In computers, an eraser is a term used to describe either a software program or hardware device intended to completely erase the contents of a hard drive. Using an eraser is the only real way to ensure data is removed from a hard drive, as simply formatting the drive leaves the option to recover a great deal of the information present. There are different levels of security for an eraser, with the most basic doing more than a simple format, but still leaving some possibility of reconstructing bits of data, and the most advanced destroying every shred of data on the drive.
To understand why an eraser is important, it can be helpful to understand how hard drives store information, and what happens when a computer is told to delete a file. Files are stored in bits across the drive; when the user opens a file, it checks to see where that file is stored and reads it. Over time, these files will become fragmented and spread out over the hard drive, but the hard drive can still find them and reconstruct the file completely. Empty space on the hard drive is flagged as empty so that the computer knows it can put new files there or let existing files spread on to those data blocks.
When a file is deleted, it is first put in a temporary holding bin on the computer, such as the trash or recycling bin. At this point, any user can simply open the bin and find the file, and drag it back out to reopen it. Many people, once they've emptied the trash, think those files are permanently erased. In reality, all that happened is that the computer switched those data blocks from saying they had information on them to saying they were empty and could be over-written.
The trick is, those blocks will not necessarily be overwritten unless lots of other files are added to the computer. This means an advanced user can simply switch how the computer sees them, and the information will reappear. In fact, even if lots of new files are added to the computer, the chances are high that chunks of the original files will remain. A dedicated individual could reconstruct large swaths of data, such as pieces of personal emails, passwords, or billing information. For this reason, it's crucial to use an eraser when disposing of a hard drive that may have any sensitive information on it.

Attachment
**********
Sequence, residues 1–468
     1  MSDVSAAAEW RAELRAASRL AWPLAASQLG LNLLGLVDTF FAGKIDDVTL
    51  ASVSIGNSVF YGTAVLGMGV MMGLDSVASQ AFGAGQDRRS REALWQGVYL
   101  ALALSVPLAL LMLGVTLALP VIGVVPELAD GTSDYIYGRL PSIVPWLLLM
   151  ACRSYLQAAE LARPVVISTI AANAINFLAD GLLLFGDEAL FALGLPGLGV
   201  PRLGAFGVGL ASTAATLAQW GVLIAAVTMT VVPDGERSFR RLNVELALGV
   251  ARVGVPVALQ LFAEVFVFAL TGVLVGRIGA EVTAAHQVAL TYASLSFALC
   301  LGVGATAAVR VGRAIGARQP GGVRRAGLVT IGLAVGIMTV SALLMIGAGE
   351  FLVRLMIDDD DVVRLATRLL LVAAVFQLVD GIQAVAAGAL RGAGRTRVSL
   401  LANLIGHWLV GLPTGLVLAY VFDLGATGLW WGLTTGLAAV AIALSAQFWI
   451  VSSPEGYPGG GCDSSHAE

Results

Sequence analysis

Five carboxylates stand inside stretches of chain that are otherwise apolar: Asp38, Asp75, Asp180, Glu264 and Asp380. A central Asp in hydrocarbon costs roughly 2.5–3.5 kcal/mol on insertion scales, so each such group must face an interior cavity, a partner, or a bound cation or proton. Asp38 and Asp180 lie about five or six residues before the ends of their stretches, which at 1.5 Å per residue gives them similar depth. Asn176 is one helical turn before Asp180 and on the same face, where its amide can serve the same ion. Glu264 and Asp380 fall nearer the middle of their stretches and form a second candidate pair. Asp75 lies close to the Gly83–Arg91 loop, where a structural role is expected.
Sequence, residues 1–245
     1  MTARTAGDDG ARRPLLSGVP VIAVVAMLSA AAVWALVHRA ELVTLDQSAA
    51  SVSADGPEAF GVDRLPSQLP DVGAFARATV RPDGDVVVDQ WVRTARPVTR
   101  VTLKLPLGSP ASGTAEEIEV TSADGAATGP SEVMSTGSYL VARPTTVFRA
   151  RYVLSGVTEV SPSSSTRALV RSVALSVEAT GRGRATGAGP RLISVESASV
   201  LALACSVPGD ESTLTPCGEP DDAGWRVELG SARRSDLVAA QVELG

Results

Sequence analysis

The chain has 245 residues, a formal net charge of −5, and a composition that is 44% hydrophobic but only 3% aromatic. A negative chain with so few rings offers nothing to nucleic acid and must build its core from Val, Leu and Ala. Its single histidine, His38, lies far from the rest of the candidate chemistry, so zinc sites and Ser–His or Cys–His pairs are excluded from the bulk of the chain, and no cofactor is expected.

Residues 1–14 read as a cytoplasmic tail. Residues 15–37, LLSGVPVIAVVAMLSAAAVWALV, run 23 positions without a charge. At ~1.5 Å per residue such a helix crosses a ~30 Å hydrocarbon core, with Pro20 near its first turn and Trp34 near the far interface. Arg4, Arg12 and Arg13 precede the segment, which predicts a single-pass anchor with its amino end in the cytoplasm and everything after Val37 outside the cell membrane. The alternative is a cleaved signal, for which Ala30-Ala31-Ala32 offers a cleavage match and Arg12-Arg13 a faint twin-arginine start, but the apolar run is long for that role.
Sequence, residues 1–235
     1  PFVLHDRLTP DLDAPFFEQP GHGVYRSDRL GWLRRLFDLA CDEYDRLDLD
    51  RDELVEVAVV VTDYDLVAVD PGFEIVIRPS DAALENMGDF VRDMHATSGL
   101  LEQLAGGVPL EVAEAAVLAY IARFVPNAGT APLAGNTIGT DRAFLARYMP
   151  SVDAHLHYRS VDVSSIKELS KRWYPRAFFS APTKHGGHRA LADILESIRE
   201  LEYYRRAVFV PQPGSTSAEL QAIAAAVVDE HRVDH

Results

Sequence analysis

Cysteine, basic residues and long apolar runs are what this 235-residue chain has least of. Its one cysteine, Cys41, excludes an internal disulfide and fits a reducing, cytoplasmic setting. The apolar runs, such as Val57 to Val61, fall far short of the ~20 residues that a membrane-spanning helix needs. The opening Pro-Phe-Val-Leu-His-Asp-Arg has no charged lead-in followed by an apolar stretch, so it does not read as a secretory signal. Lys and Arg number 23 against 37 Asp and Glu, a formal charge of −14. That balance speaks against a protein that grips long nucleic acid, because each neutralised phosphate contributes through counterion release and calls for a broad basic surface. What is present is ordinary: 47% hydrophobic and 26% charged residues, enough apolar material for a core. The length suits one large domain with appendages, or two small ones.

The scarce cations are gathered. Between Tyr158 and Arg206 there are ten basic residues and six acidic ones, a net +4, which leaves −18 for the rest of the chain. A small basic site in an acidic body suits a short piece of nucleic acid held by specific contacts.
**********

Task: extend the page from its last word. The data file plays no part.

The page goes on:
An eraser basically takes all of those data chunks and says they are empty. Then it goes through and randomly writes information on each and every byte of the hard drive, making sure it overwrites anything that might be there. A standard format for erasers consists of going through and writing a 1 on each and every byte, then going through and writing a 0 on each and every byte. At the end of this, it is likely that all the data will be completely erased.
A hardware eraser does the same thing as a software eraser, but does it without the need of a computer. This way, a person can take a hard drive, plug it into the eraser, and it will automatically cleanse all data from it. This can be ideal for organizations with many hard drives that need erasing. For people who want to be absolutely sure their data is gone, a further option exists: hard drive shredding. This is the process of actually taking the data plates from the hard drive and shredding them, and sometimes further incinerating them, insuring that absolutely no data can survive.